Bangladesh: 25 state-run jute mills shut, 45,000 workers laid off. ‘Suicidal’ says BAFLF

The shutting down of jute mills and laying off workers is the last nail in the coffin of the largest and most promising state sector: The government used the emergency caused by the COVID-19 pandemic as an opportunity.

The jute cultivation and jute industry are central to the agricultural economy of Bangladesh. Jute has been the principal cash crop of the country for a long time. A critical vegetable fiber next only to cotton. 4 million farmers and the lives and livelihoods of 40 million people are directly or indirectly dependent on this sector. They engage in jute cultivation, processing, manufacture, and trade of various materials such as jute and jute leaves, etc. The jute sector is the only cash crop in Bangladesh that is 100% value-added, self-sufficient in backward and forward connectivity industries. Historically, the jute economy has been an integral part of our entire economy. The destruction of that jute and jute industry means a blow to the heritage and culture of Bangladesh.

In a surprise move, on June 26, the government announced about the shutdown of the remaining 25 state-run jute mills and lay off about 45,000 permanent and irregular workers.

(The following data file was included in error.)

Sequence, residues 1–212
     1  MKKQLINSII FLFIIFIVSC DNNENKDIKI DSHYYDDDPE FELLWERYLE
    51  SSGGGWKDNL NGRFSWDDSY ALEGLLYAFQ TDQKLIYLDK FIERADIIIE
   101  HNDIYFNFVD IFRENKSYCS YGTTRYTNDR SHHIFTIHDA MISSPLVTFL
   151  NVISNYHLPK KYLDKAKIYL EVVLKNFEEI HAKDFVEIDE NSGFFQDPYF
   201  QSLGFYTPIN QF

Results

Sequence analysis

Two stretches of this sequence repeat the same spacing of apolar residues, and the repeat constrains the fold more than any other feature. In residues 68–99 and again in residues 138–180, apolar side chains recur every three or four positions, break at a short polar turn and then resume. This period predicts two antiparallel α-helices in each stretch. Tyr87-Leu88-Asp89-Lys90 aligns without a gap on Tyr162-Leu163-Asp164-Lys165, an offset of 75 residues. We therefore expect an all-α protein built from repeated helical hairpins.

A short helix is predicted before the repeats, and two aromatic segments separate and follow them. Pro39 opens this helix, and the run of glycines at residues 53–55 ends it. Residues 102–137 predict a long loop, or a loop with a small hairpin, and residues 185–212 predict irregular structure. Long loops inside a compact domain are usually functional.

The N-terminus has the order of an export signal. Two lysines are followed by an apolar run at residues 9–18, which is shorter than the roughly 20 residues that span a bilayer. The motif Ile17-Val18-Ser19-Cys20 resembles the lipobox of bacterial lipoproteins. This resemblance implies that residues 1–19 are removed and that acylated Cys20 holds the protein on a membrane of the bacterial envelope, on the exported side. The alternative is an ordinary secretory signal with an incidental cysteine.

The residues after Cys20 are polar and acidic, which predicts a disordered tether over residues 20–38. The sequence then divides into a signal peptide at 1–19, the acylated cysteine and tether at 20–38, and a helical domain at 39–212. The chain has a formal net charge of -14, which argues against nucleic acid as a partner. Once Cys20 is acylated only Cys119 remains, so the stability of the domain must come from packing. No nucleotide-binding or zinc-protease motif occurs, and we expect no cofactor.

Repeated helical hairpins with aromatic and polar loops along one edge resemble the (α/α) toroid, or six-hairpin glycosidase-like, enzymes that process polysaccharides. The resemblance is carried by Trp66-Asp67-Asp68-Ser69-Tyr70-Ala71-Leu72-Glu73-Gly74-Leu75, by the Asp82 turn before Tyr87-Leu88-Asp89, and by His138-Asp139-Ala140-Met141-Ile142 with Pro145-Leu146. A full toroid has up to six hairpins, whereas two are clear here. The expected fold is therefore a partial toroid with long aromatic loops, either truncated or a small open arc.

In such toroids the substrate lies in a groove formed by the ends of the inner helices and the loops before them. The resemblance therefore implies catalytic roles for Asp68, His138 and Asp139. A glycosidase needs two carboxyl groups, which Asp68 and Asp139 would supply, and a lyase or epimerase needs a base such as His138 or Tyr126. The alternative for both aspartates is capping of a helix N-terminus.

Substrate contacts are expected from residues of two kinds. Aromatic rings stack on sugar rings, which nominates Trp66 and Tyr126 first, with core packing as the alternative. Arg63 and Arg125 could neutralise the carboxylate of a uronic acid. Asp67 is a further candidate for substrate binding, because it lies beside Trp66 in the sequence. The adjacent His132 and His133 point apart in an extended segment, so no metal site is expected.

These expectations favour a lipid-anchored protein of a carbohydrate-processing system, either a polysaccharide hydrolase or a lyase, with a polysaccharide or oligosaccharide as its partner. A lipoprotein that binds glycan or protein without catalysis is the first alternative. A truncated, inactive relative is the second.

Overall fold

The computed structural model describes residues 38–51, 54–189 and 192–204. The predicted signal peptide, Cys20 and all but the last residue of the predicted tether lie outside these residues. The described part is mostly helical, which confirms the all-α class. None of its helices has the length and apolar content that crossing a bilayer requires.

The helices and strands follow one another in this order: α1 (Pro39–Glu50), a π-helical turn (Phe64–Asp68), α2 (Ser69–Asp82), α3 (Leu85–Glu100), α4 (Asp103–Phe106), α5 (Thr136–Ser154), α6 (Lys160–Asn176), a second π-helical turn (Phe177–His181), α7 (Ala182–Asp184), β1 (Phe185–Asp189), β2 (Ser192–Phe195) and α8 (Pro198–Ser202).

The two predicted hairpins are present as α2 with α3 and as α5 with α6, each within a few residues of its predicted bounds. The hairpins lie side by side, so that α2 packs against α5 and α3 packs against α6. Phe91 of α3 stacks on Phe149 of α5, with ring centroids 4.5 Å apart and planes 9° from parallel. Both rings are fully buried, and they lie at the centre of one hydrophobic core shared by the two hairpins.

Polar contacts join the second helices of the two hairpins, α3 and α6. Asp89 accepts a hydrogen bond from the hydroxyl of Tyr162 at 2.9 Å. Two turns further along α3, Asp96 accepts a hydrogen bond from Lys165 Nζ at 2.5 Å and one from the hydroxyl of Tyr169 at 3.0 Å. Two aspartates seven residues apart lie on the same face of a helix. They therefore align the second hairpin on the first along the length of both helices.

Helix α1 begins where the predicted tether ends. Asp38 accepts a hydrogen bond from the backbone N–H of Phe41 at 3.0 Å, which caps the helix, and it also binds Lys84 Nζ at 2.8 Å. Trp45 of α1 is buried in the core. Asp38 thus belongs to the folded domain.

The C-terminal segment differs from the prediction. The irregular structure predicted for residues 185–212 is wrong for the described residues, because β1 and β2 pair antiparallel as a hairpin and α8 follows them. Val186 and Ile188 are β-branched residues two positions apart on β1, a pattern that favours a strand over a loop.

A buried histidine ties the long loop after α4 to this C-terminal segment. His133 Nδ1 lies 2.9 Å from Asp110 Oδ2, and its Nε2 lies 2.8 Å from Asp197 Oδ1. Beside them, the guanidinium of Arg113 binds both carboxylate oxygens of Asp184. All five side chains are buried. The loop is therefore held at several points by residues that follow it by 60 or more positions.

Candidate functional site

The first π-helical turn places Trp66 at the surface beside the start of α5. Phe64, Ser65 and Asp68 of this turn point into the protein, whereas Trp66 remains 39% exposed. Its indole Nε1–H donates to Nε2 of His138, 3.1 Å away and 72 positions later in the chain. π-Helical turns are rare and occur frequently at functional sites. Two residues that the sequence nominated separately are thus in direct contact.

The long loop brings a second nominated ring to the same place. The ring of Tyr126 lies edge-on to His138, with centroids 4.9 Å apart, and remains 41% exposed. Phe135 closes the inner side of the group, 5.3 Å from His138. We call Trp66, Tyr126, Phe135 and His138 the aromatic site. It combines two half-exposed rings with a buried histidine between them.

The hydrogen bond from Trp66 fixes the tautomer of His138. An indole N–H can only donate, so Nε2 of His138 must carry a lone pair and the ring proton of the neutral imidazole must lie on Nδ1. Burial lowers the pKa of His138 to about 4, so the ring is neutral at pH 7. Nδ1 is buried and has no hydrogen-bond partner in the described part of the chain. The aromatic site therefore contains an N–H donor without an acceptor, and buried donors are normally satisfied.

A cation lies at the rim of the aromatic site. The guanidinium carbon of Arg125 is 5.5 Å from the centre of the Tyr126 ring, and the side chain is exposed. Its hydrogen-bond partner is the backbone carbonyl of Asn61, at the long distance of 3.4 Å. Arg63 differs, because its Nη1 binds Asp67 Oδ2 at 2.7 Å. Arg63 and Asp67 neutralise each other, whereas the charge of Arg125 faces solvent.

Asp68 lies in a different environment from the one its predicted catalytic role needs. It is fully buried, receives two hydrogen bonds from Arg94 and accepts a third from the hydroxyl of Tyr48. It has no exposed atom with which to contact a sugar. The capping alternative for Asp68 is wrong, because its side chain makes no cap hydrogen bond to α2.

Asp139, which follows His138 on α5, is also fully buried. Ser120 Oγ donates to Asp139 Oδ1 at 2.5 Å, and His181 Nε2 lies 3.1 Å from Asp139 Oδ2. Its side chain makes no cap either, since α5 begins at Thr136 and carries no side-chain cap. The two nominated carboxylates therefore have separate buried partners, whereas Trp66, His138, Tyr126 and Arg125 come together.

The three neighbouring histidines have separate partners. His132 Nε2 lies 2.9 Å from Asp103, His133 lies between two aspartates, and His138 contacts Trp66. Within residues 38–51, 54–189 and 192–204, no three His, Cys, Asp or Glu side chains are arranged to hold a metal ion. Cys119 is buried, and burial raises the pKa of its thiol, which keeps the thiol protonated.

According to various sources, over the past years, government officials have made a roadmap to close jute mills through a ‘golden handshake.’ Farmers and workers allege that the reason behind this is to hand over huge assets, including factories, to private players under enabled through Private Public Partnership[PPP] arrangements.

The government is trying to hide the institutional looting and corruption by identifying jute mills as loss-making units and blaming it on the workers. But the reality is Bangladesh Jute Mills Corporation (BJMC)’s irregularities in jute purchase, poor management, and lack of an organized marketing strategy are the root causes of financial losses.

The government’s push for privatization is indeed a policy of ‘One doth the scath and another hath the scorn.’ BJMC is the umbrella entity of the state’s own jute mills, and its officials are the management authority. Minister-Secretary manages the BJMC officials. So if the jute mills have incurred a loss of thousands of taka crores, why should only the workers take the responsibility? Why should ministers-secretaries-chairmen not be under scrutiny? Why not give a golden handshake to the factory manager, i.e., BJMC officers, before giving a golden handshake to the workers?

This announcement by the government is a suicidal decision to destroy the jute industry. Hopefully, the government will move away from this suicidal decision. With the closure of jute mills, the government decided to modernize the jute mills and reopen under PPP. However, there is no time limit set for reopening or modernization. When and on what basis will these mills be introduced under PPP is not clear to anyone. Meanwhile, the private owners of the jute sector have rejected the PPP’s proposal and demanded that the closed jute mills for a lease of ninety years.